It wouldn’t be self-pitying, I think, to reflect alongside Bishop Zubik of Pittsburgh:
“I ache. I’m sick and tired. I’m angry. I’m insulted. I’m confronted by the headlines of newspapers and ongoing stories that seek to once again annihilate the body of Christ. It would be an absolute lie on my part to stand here today to say we bear no responsibility for great sins committed in the past by people who were trusted leaders of the church, by priests, deacons, bishops and others. So that is not what gives me the ache. What gives me the ache is not only the hunger and thirst to rush to judgment without an honest look at the facts, but the absolute hatred and disrespect for who we are and especially for what we believe.”
These were something of my emotions as I followed Christ in the Via Crucis.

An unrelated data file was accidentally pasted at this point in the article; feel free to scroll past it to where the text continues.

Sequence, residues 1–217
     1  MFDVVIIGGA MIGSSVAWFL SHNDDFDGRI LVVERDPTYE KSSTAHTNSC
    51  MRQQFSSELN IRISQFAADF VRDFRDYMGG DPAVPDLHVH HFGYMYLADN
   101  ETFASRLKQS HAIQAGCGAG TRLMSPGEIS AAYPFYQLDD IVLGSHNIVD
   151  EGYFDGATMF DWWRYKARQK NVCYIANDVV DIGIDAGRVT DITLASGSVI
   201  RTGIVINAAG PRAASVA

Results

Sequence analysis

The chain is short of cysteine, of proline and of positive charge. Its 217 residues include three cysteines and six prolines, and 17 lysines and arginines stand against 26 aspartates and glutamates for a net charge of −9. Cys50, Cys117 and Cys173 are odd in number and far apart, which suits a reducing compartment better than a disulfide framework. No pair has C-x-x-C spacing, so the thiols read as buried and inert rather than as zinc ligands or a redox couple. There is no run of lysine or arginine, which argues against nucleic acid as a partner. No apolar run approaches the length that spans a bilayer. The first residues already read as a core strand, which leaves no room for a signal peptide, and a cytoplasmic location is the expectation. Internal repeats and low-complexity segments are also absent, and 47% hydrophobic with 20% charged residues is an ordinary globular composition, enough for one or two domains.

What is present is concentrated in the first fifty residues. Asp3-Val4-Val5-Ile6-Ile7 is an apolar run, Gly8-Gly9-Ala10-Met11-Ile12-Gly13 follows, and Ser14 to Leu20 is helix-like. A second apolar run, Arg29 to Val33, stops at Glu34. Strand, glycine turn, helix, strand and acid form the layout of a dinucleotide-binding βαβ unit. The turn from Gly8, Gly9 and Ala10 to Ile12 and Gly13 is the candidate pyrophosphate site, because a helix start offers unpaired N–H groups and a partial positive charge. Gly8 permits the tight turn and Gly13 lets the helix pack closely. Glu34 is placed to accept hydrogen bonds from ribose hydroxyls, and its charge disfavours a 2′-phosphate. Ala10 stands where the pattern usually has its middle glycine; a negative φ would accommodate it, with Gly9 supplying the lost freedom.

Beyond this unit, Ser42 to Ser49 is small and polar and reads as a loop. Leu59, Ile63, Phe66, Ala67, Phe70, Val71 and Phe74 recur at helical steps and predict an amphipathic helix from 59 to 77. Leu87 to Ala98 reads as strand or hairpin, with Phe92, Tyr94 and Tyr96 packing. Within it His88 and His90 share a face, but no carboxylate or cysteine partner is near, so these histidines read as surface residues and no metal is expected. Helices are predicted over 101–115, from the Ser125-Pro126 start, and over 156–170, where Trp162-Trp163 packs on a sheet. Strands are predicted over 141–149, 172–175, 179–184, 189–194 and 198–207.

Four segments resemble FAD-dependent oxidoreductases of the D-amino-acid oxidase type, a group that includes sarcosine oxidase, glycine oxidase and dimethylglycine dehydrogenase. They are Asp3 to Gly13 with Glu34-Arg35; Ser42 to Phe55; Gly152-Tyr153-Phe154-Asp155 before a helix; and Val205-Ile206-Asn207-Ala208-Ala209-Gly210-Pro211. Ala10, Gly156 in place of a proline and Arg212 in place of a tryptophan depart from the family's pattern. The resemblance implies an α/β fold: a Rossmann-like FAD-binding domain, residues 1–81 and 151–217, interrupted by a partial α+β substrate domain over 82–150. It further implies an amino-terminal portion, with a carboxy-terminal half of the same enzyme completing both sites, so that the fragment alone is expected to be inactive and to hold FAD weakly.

And yet, this is the Easter message: that “we see as a distinguishing mark of Christians the fact that they have a future: it is not that they know the details of what awaits them, but they know in general terms that their life will not end in emptiness” (Benedict XVI, Spe Salvi). First of all, even and especially in times of trial, the followers of Christ are aware of his closeness to us, are aware that in him God has revealed his inmost secret: he is not a deity immune to pain, for whom we wretched and vulnerable mortals are scapegoats of the divine plan, but a god whose very being is constituted in part by the knowledge of suffering, of the horror of the prospect of his own non-existence as Love. A god who knows all things forever knows suffering forever, too, and this may be why Pascal wrote that Christ is in agony till the end of time. Indeed, is ultimate knowledge of this cosmic agony not what we human beings, who regard equality with God as something to be grasped, also desired to possess for ourselves when we eagerly plucked the fruit (or so the story goes) from the Tree of the Knowledge of Good and Evil? We are united with God through our shared pain — the pain which we become like God in understanding, by the light of our consciousness, and which God becomes like us in suffering, through his Incarnation in the world. This, I think, is the redemptive message concealed in Bishop Zubik’s “ache,” a message he articulates beautifully at the end of his homily: “We would not be celebrating the Eucharist today if God did not ache.”